South Dakota sobriety program could work here

It's been said that the 50 states are the laboratories of good government.

One state, South Dakota, has invented a successful program to curb repeat drunk drivers that should be replicated in Maine.

The 24/7 Sobriety Project is so straightforward that it is surprising it took this long to emerge.

Here's how it works.

Repeat offenders, usually those with three or more drunk- or drugged-driving convictions, are immediately assigned to the program in lieu of losing their driving license or going to jail.

Instead, they are required to show up twice a day at their local sheriff's office for a brief drug or alcohol test.

Those who live too far from sheriff's office to travel are given drug patches, which can be tested periodically, or a SCRAM bracelet.

The bracelet tests the wearer's sweat once an hour for the presence of alcohol. The user arranges to be close to a computer modem once a day to transmit the information to police.

The goals are threefold:

First, to immediately force people into complete and verifiable 24/7 sobriety, the first step to becoming clean and sober.

The state found that simply taking a driver's license from a person does not necessarily change the underlying habit. People go right back home or to taverns and continue drinking, increasingly the likelihood they will eventually again drive drunk.

What's more, offenders can continue to hold down jobs and support their families.

Second, public safety is enhanced. As we have seen countless times, simply yanking a person's license does not keep him or her from driving.

Finally, it saves taxpayer dollars by drastically reducing the number of drug and alcohol violators behind bars.

A recent report found that Maine's incarceration expenses were 136 percent higher than a handful of similar rural states. Bringing us to the average could save millions per year.

Offenders pay $1 for each alcohol test in the 24/7 program and $6 per day for a SCRAM bracelet, largely offsetting the cost of the program.

The results have been impressive. Quoting from the Project's annual report:

As of January 2010, nearly 13,000 offenders participated in the twice-daily alcohol breath testing. They took over 2.4 million tests, passing 99.6 percent of them. More than 66 percent were totally compliant during the entire term of their participation.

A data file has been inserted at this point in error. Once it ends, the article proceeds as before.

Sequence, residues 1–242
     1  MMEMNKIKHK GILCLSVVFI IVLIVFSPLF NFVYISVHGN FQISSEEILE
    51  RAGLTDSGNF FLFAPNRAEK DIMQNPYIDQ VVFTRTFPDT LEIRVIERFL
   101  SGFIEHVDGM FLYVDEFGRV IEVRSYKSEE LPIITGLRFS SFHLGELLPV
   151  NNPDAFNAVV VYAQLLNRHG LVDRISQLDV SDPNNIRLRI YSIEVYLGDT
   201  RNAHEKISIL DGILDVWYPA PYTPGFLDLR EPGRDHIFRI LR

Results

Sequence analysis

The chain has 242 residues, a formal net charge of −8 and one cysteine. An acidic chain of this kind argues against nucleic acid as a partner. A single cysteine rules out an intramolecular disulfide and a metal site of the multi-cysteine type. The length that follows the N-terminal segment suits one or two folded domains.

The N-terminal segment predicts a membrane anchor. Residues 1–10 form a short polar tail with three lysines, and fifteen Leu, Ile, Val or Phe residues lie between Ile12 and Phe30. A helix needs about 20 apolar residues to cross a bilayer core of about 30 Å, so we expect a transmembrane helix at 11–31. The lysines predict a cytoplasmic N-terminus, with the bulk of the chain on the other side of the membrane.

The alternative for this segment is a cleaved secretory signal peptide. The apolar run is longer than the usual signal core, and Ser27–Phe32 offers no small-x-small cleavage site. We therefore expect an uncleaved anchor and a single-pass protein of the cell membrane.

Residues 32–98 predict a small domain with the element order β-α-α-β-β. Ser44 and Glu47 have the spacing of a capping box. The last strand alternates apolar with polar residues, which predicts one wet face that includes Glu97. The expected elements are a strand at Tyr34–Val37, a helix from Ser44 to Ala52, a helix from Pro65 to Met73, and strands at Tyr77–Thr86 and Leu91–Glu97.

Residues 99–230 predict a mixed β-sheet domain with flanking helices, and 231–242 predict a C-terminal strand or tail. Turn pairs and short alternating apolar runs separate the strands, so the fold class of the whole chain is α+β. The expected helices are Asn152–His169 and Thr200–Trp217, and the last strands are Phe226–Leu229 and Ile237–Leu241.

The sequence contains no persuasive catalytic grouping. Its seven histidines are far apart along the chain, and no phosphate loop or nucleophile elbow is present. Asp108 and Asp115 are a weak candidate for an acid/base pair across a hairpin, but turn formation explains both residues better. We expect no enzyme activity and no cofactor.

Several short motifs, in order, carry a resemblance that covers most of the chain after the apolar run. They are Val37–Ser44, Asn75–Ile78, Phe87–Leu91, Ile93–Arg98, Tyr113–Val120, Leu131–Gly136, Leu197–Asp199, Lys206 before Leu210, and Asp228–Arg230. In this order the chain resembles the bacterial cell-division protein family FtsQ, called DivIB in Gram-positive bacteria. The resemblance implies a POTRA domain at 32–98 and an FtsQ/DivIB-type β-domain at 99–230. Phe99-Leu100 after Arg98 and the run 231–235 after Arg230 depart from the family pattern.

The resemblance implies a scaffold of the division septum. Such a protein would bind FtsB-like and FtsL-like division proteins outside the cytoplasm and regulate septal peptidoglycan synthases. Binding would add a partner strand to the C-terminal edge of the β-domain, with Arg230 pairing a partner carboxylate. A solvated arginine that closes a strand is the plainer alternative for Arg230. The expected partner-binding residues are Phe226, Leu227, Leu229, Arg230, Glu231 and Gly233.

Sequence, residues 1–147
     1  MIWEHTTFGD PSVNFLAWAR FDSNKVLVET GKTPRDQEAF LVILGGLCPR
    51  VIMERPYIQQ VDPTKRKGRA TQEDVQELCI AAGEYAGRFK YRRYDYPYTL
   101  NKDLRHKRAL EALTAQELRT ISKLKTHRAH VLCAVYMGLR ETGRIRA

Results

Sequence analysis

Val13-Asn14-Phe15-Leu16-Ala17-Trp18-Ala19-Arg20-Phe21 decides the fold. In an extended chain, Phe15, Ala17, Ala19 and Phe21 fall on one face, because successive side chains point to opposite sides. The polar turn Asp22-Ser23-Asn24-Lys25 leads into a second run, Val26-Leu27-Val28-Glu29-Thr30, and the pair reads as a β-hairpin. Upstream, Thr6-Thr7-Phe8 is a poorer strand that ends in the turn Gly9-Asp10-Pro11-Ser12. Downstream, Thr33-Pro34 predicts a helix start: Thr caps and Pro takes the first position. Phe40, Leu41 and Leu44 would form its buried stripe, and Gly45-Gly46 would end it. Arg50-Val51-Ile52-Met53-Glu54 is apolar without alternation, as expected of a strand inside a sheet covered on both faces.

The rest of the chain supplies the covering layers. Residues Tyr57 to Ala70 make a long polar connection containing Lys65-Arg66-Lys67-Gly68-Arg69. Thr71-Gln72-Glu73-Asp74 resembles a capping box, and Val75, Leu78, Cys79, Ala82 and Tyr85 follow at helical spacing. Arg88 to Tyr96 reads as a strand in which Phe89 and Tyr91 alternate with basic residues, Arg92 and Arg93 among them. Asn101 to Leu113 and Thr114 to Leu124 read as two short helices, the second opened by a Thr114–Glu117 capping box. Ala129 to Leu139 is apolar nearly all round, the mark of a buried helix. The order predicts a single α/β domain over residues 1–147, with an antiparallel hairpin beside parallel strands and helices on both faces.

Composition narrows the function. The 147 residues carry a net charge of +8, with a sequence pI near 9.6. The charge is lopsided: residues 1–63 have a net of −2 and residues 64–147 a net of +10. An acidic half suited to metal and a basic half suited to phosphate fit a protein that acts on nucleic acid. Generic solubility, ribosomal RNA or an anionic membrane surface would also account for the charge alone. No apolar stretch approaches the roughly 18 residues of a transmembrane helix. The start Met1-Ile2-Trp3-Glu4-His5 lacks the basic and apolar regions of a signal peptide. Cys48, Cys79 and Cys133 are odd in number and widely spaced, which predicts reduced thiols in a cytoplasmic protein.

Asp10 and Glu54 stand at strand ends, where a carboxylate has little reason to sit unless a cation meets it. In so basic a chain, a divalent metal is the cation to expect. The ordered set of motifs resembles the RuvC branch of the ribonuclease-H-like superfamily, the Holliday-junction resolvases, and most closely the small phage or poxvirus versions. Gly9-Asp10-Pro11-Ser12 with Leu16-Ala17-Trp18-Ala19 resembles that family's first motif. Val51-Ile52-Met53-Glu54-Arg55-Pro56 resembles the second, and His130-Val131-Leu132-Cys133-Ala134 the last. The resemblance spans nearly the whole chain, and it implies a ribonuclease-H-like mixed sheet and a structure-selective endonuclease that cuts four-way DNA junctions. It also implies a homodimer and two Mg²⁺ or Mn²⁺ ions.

As of November 2009, 1,755 offenders wore the SCRAM ankle bracelet. Offenders wore them for an average 125 days, and 77.8 percent were totally compliant.

Forty offenders wore drug patches, passing 92.8 of the time.

Skeptics will point to a heavier workload for sheriff's departments. Yet in South Dakota, the state has saved millions of dollars in corrections expenses to more than offset the costs.

But the most compelling evidence that the program works can be found in lives saved.

From 2006 to 2007, alcohol-impaired driving deaths in South Dakota dropped 33 percent, while the U.S. death rate dropped 4 percent. It then dropped another 45 percent in 2007-2008.

To be fair, the state has also stepped up enforcement, conducted a media campaign and revised its DUI classes for offenders.

Versions of the 24/7 program are being considered in several states.

Maine should be among them.

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 's picture

1 in 3

On weekend 1 in3 drivets in maine are over the limit. During yhe week days its 1 in 5. 66 percent compliance is above average.

PAUL ST JEAN's picture

For ever; it just makes too

For ever; it just makes too much sense. And besides, our role models, California, Massachusetts, and Vermont don't have it yet.

 's picture

maine won't

it "unfairly singles out" people who have "problems" and makes them "feel like criminals". forcing people to take responsibility for their own actions is not on the agenda. this system would be far too humiliating and would require far too much restraint. it impedes on freedoms while dehumanizes people.

 's picture

This sounds like it works

This sounds like it works well, but it does not satisfy the publics need for vengeance, and that seems to be far more important than safety these days.

34% drank at some point during their entire time on the program, they didn't drive drunk. In Maine the number of people who have lost their license to an OUI and still drink is more like 100%. Ultimately, that is the goal and with a 45% drop in death rates, I'd say its working.


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